AS TO THE ADMISSIBILITY OF
Applications nos. 17864/04 and 21396/04
by KRASNOV and SKURATOV
The European Court of Human Rights (First Section), sitting on 14 December 2004 as a Chamber composed of:
Mr C.L. Rozakis, President,
Mr P. Lorenzen,
Mrs N. Vajić,
Mrs S. Botoucharova,
Mr A. Kovler,
Mrs E. Steiner,
Mr K. Hajiyev, judges,
and Mr S. Nielsen, Section Registrar,
Having regard to the above applications lodged on 17 and 11 May 2004,
Having deliberated, decides as follows:
The first applicant, Mr Aleksandr Viktorovich Krasnov, is a Russian national who was born in 1956 and lives in Moscow. He is represented before the Court by Mr J. Boedels, a lawyer practising in Paris. The second applicant, Mr Yuriy Ilyich Skuratov, is a Russian national who was born in 1952 and lives in Moscow. He is represented before the Court by Mr K. Eckstein, a lawyer practising in Moscow.
A. The circumstances of the case
The facts of the case, as submitted by the applicant, may be summarised as follows.
1. General information
On 7 December 2003 the general elections to the State Duma of the Federal Assembly of the Russian Federation, the lower chamber of the Russian bicameral legislature, were held to elect 450 members for a term of four years. Of these, one half, that is 225 persons, were elected by a majority vote from single-member district constituencies. The other 225 seats were allocated on a proportional basis to federal rolls submitted by political parties or electoral blocs that gained more than 5 per cent of the valid votes cast in a single federal constituency ballot.
In certain Russian regions, regional elections were scheduled for the same date, including the elections of the Moscow mayor.
2. The first applicant, Mr Krasnov
(a) Mr Krasnov's employment history
On 29 August 2001 Mr Krasnov was elected the head of the district council of the Presnenskiy district of Moscow (глава районной управы Пресненского района г. Москвы).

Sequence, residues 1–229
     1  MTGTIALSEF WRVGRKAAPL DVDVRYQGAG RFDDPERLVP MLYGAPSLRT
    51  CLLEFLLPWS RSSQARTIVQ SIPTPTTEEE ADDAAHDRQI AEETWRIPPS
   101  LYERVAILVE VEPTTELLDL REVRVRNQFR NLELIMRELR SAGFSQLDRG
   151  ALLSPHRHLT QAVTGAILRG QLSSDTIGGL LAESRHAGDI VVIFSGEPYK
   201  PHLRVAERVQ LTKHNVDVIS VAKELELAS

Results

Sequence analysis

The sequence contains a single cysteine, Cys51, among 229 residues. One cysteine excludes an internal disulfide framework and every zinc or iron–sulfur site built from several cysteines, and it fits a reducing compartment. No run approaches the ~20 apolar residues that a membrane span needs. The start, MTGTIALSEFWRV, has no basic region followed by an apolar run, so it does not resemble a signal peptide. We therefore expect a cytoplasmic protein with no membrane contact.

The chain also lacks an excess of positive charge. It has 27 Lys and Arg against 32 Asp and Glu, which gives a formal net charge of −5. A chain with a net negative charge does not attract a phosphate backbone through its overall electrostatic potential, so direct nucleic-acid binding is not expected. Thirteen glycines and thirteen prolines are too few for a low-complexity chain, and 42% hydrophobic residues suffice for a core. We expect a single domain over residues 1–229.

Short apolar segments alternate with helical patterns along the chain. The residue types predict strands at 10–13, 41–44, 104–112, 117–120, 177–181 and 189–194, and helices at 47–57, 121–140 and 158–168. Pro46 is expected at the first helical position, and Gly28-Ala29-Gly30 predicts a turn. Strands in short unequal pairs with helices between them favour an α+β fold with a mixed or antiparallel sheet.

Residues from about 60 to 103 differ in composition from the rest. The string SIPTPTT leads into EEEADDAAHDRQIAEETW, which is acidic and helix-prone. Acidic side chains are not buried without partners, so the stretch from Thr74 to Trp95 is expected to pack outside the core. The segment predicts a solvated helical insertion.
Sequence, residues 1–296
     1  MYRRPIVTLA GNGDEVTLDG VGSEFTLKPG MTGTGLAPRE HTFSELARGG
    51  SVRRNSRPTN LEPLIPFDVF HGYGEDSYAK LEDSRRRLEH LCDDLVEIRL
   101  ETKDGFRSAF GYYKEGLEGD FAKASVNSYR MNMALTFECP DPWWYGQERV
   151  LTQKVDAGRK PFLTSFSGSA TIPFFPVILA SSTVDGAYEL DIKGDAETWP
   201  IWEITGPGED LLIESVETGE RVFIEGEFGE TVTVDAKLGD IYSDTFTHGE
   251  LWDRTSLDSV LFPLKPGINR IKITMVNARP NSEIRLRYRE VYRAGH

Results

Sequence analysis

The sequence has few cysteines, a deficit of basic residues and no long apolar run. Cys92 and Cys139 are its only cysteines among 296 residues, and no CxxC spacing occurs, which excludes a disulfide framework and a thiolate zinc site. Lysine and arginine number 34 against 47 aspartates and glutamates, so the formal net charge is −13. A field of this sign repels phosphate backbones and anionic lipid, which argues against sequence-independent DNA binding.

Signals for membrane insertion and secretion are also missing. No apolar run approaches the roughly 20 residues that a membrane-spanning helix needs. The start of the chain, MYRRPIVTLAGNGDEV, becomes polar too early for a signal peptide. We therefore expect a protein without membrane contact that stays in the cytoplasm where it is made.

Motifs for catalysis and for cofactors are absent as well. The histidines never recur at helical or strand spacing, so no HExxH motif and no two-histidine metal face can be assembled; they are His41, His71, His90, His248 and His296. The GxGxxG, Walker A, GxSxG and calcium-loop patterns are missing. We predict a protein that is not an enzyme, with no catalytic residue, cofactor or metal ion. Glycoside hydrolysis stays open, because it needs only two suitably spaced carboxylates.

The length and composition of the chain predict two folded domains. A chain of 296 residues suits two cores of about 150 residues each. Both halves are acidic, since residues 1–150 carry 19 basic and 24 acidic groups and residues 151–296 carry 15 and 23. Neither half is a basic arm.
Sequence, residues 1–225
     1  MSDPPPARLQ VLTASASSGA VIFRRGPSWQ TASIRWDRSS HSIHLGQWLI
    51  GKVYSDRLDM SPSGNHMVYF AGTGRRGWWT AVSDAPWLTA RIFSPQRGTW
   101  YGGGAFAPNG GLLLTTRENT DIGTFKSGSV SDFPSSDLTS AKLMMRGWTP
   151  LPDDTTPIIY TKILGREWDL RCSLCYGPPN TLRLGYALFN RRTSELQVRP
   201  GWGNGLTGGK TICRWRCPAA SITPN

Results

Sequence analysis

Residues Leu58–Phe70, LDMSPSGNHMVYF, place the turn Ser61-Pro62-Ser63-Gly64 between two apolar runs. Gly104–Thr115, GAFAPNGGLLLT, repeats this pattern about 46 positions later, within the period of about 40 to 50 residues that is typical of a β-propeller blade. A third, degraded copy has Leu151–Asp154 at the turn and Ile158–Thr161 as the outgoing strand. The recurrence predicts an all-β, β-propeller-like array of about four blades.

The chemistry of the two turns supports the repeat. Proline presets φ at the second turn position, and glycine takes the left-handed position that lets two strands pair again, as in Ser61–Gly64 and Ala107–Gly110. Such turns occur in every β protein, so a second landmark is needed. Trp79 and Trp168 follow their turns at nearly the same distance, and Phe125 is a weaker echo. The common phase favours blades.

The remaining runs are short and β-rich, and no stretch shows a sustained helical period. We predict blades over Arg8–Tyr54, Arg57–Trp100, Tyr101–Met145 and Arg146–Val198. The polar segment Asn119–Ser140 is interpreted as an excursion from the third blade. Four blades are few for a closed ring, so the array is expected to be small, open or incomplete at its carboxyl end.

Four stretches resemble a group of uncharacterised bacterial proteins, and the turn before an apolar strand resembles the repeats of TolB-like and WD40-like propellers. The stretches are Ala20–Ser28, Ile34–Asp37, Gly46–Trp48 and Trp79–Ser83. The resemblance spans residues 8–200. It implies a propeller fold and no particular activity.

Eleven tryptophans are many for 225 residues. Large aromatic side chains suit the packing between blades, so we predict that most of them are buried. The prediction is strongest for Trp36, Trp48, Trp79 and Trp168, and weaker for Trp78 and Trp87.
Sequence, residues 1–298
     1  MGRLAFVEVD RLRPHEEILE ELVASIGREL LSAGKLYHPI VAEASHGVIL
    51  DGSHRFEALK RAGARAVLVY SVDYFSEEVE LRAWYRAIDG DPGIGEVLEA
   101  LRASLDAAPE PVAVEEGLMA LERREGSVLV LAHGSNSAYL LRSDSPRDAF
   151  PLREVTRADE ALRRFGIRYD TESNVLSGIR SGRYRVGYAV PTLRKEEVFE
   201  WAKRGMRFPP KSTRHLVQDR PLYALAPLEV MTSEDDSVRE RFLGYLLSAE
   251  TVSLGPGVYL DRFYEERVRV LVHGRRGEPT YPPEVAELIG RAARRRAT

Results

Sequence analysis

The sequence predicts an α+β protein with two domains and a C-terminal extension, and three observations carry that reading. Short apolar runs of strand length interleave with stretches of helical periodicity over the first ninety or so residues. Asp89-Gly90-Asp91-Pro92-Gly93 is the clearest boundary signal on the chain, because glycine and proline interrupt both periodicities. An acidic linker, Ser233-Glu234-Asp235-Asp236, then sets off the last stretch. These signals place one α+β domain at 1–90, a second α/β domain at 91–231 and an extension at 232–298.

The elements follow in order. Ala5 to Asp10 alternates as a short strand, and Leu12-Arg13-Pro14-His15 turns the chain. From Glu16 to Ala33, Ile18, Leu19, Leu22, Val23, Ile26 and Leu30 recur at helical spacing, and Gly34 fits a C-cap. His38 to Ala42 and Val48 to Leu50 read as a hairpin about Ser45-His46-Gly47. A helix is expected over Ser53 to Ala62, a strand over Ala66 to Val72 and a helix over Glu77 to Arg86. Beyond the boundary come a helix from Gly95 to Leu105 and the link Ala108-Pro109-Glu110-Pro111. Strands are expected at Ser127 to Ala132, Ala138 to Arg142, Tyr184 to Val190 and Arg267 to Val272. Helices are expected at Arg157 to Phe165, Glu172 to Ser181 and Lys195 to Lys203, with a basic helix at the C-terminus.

On 6 November 2002 the Moscow City Duma adopted the law “on the organisation of local self-government in the city of Moscow” (no. 56). Section 10 determined that the bodies of local self-government in Moscow would include a municipal assembly (муниципальное собрание) as the representative body and a municipality (муниципалитет) as the executive body. Pursuant to transitional provisions of the law (section 43 § 2), heads of district councils who had been appointed or elected to their position before the law were to remain in power until the appropriate body had been formed, and its officials appointed or elected, in accordance with the law.
On 29 May 2003 the municipal assembly of the Presnenskiy district passed a decision to rename the district council of the Presnenskiy district of Moscow as the municipality “Presnenskiy” (муниципальное учреждение – муниципалитет «Пресненский»). On the same day the assembly adopted the regulation on the municipality “Presnenskiy” and appointed Mr Klubkov as its director.
On 16 June 2003 the director of the municipality “Presnenskiy” ordered the dismissal of the first applicant on the ground that he had not been re-elected to his position.
(b) Elections of the Moscow mayor
On 13 October 2003 the first applicant submitted his self-nomination application for the Moscow mayor's elections to the Moscow City Election Commission. He attched an application form, tax and property declarations, and copies of his passport, diploma and employment record (трудовая книжка). Both the application form and the property declaration indicated that he was currently employed as “the head of the district council of the Presnenskiy district of Moscow”.
On 21 October 2003 the first applicant paid the election deposit of 4,500,000 Russian roubles (“RUR”, approximately EUR 128,600).